We determined the biochemical characteristics of nitric oxide synthase (NOS) in hemocytes of the crayfish Procambarus clarkii and investigated the roles of hemocyte-derived NO in host defense. Biochemical analysis indicated the presence of a Ca2+-independent NOS activity, which was elevated by lipopolysaccharide (LPS) treatment. When bacteria (Staphylococcus aureus) and hemocytes were co-incubated, adhesion of bacteria to hemocytes was observed. NO donor sodium nitroprusside (SNP) significantly increased the numbers of hemocytes to which bacteria adhered. Similarly, LPS elicited bacterial adhesion and the LPS-induced adhesion was prevented by NOS inhibitor NG-monomethyl-l-arginine (l-NMMA). Finally, plate count assay demonstrated that addition of LPS to the hemocytes/bacteria co-incubation resulted in a significant decrease in bacterial colony forming unit (CFU), and that l-NMMA reversed the decreasing effect of LPS on CFU. The combined results demonstrate the presence of a Ca2+-independent LPS-inducible NOS activity in crayfish hemocytes and suggest that hemocyte-derived NO is involved in promoting bacterial adhesion to hemocytes and enhancing bactericidal activity of hemocytes.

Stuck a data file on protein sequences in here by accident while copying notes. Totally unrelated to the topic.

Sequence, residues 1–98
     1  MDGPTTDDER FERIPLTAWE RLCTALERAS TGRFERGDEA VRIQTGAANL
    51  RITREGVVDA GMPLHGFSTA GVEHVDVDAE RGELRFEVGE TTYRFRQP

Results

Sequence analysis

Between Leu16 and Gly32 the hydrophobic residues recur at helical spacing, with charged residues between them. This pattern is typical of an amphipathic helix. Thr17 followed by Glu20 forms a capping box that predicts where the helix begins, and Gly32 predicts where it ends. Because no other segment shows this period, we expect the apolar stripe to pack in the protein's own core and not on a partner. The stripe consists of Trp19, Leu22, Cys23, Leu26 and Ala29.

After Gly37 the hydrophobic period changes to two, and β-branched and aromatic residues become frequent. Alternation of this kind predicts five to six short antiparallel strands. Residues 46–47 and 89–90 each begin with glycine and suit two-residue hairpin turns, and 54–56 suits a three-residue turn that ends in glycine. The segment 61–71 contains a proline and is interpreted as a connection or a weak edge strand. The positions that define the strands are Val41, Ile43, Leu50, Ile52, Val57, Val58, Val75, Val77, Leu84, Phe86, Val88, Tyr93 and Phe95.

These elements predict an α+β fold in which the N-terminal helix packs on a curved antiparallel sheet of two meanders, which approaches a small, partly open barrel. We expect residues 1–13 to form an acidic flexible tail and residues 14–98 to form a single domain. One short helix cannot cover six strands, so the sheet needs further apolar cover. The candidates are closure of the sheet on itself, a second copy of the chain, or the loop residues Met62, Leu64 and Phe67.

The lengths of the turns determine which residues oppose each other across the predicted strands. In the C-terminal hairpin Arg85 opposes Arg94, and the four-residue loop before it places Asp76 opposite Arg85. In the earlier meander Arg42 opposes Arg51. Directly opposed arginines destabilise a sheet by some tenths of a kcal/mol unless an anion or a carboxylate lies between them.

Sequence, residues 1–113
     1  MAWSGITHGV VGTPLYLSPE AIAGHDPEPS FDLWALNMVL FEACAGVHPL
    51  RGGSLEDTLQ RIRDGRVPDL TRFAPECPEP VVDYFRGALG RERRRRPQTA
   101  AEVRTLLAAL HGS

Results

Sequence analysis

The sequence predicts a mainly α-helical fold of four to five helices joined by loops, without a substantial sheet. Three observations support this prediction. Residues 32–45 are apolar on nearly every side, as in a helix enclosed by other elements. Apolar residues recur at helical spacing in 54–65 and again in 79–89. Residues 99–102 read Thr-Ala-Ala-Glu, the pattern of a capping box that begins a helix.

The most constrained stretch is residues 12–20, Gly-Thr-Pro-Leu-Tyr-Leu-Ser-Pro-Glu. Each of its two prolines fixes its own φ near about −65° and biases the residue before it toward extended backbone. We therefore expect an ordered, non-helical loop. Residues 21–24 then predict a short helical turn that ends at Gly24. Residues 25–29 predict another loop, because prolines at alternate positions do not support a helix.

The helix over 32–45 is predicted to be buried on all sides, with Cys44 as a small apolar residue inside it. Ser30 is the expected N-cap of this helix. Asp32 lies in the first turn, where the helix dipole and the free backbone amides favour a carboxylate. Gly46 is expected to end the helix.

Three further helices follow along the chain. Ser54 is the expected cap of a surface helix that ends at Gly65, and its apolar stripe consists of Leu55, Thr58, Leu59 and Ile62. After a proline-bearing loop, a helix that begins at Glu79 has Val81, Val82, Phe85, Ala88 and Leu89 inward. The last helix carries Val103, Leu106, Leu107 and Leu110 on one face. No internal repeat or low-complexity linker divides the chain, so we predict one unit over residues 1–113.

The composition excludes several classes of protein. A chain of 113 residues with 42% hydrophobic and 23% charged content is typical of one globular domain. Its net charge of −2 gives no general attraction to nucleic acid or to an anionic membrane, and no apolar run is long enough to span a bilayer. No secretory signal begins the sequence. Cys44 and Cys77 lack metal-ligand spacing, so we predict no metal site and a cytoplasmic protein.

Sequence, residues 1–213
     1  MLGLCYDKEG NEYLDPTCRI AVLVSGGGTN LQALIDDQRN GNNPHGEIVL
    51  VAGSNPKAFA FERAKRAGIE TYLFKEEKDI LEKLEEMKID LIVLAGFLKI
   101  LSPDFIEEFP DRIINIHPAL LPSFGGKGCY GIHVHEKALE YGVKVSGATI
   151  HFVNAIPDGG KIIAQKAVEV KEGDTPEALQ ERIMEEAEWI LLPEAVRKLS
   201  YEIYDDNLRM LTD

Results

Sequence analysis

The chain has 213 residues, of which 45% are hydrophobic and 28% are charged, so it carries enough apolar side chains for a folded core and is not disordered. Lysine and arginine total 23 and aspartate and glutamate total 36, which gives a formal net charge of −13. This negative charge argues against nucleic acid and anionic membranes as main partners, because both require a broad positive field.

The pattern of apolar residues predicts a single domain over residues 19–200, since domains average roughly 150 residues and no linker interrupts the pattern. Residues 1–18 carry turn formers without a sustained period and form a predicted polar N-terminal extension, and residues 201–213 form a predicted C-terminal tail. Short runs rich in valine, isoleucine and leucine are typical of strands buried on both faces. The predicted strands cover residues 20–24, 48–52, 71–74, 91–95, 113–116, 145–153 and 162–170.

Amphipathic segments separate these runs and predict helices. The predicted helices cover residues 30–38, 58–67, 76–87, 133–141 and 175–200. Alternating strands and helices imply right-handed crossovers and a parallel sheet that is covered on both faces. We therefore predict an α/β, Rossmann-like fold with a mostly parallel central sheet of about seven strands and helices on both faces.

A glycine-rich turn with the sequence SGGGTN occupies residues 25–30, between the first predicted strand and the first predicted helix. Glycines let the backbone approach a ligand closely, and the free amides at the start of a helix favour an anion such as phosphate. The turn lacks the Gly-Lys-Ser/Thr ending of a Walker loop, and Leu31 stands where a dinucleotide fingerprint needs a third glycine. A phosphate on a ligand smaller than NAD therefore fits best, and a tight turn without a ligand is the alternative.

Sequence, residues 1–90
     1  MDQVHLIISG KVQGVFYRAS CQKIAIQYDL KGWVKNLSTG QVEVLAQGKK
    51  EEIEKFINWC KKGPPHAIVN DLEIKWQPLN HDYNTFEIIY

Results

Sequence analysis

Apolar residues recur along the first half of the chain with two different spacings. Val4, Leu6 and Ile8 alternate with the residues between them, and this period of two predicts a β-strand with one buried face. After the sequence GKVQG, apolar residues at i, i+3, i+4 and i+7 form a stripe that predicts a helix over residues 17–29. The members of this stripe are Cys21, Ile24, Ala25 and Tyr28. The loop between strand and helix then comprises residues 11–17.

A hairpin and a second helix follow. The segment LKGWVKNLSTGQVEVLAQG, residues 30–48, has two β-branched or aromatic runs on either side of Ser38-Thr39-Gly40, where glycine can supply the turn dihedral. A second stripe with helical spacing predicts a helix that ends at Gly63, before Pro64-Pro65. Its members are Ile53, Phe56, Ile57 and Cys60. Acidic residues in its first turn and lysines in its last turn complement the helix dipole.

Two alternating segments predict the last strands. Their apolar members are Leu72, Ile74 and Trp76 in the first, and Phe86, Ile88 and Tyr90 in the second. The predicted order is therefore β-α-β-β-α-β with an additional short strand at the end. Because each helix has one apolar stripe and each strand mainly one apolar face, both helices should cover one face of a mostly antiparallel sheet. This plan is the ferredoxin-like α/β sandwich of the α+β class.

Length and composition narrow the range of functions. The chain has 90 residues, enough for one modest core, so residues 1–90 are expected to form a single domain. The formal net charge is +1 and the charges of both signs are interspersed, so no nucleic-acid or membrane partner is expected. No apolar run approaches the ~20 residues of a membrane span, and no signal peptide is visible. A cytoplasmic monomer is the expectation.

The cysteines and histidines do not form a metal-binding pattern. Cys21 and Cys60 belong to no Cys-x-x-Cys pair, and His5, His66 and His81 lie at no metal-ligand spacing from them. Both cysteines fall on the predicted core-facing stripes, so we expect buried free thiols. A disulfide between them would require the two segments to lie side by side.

|Number of pages||7|
|Journal||Comparative Biochemistry and Physiology - B Biochemistry and Molecular Biology|
|Publication status||Published - 2006 May|
All Science Journal Classification (ASJC) codes
- Molecular Biology